First off, congratulations to my friend JLW and his teammates for making the semifinals of the United States Bridge Championships. The link to his bridge blog is on the right in the blog list.
Let's move on to poker for now. My main game is Pot Limit Omaha Hi/Lo 8 or better. However, I will play some NL Holdem for fun, even though I don't think I have the patience to be consistently profitable at the lower stakes. The following was an interesting hand in that I made my decisions off time-based tells, which may seem foolish at first in an online setting where people multi-table regularly. However, I do find that there are some players who give off these tells and don't think about them enough because it is online and it is often only one table among many.
In a .5/1 NLHE 6-max game, hero has ♦3♣3 on the button. I'd raised preflop a lot during this 6-max game, and after three folds to me I continue the trend and make it 3 total. The small blind now reraises to 10. I call.
The flop comes ♦10♥7♣4 and the small blind bets out 10 rather quickly into the pot. A quick bet off the flop is often the sign of a continuation bet. Something that was planned ahead of time. It made me curious enough to call.
The turn comes ♣6. A bet of 25 came that wasn't as quick. Often, I find that someone trying to protect a big hand will often bet quickly and aggressively on the turn. The slower bet and the smaller bet size relative to the pot made me even more skeptical. It seemed to me that if you had an overpair, you'd need to protect against hands that picked up a straight draw or flush on this board. I called.
The river comes ♠K. Villain bets out a quick all-in of 68.5 into the pot. Again, the quickness is often indicative of a premeditated action, such as a bluff. I ask for time and go through his range. I still think that an overpair would have been more anxious to protect on the turn. AK and KQ/KJ were certainly possibilities, but so were AQ, AJ, and even QJ suited. While I know that I can only beat a stone bluff, I thought the range possibilities were not too far off from the pot odds I was getting, so I called. Villain showed ♠Q♠8 and started talking about how idiotic my call was.
Well, if you also thought my play/call was idiotic, then let's move on to PLO8, and let's see what you think of my thought process on this hand.
In a 15+1 turbo 9 handed sit n go with starting stacks of 1500 and initial blinds of 10/20, I held ♦A♦9♣4♥3 in early position on the second hand of the sng. UTG minraises and I call along with 3 others behind me. The blinds fold. The flop came ♦10♣8♦2. A pretty good flop for me as I have the nut low draw, the nut counterfeit low draw, and the nut flush draw. So what would you do after it goes check to you?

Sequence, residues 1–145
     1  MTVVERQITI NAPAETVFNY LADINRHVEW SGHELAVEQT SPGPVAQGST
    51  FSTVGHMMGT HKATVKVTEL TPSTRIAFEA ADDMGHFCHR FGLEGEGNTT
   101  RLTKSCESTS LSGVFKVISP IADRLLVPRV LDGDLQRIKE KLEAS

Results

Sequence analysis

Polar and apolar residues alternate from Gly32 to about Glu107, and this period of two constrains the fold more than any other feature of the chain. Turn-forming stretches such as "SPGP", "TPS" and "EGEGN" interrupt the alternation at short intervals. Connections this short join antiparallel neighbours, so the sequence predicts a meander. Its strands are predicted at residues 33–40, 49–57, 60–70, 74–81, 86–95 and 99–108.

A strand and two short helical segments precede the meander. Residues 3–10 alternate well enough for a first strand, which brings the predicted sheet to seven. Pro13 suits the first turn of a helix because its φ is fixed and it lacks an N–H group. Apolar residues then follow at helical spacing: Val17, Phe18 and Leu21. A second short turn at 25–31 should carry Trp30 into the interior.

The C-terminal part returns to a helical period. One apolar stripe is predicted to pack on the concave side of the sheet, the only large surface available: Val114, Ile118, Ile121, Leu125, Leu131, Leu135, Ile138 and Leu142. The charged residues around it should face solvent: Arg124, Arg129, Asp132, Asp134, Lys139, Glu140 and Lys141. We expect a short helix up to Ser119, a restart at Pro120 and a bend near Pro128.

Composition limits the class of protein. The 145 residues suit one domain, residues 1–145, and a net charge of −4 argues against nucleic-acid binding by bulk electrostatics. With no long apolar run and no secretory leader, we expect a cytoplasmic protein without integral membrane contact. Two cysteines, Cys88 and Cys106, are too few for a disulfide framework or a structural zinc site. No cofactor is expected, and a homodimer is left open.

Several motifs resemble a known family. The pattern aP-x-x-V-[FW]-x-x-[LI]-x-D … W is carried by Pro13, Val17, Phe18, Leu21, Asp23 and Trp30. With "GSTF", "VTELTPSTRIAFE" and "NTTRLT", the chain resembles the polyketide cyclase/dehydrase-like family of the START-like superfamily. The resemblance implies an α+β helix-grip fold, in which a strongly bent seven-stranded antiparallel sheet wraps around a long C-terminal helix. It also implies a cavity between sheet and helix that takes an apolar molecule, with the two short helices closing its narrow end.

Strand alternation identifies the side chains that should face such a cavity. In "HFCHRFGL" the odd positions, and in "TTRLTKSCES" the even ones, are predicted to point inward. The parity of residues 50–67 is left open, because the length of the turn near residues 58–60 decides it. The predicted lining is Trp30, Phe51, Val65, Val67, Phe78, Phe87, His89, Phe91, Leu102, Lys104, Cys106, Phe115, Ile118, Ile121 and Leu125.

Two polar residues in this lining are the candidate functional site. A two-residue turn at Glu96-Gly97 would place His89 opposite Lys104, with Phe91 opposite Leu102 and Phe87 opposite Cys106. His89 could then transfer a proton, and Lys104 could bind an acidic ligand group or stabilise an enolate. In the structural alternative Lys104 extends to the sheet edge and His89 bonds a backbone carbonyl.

I can see the argument for betting pot, and I can see the argument for check raising pot. People like to be aggressive and get it all in when the EV is in their favor. However, I tend to take a different approach. First, it is important for me to maximize the chips I can take so I will let people freely draw to second best hands. However, since I know I am much better at this game than the average player, protecting chips also matters to me, even if I become a short stack.
So how did the play go? It checked around to the penultimate player who bet 180 into the 230 pot. The preflop raiser called. I also just called. The turn comes the ♠J. The preflop raiser checks and NOW I bet out the pot. From my point of view, if I get raised all-in, I'm in the same position as if I check-raised the flop. There is very little fold equity on the flop in a multi-way pot in PLO8. But by playing this way, I might get the best high hand on the flop to fold (I still haven't made a hand yet), or I could maybe bet him off it on a blank river. In PLO8, it is more important to have the aggression on the turn than on the flop.
Only one caller as the preflop raiser folds. The river is the ♦5 and I bet the rest. The other player quickly calls with a worse low and a worse flush and I scoop. This looks like it probably would have been the result no matter what I did, but I liked my line of play more. Thoughts?
Ok, back to bridge now. I'm not a big fan of opening borderline two-suited openers at the 1 level in general. In most of my partnerships, I tend to open sound. I also believe that most of the time, passing first will allow for a better description of the hand later, often by means of a two-suited bid in competition. One of the things that people use to determine whether they open is whether they have the master suit, spades. I was thinking about this and thought that perhaps another suit is important too. The club suit. If your two suiter contains the club suit, perhaps you should stretch to open too. It seems to me that it's very easy for your opponent to have a balanced opener and bid clubs, making it very hard for your side to get back into that suit. So what I'm suggesting is that perhaps with the 6-5 borderline opener with hearts and a minor, one should stretch to open with clubs but hold back with hearts and diamonds.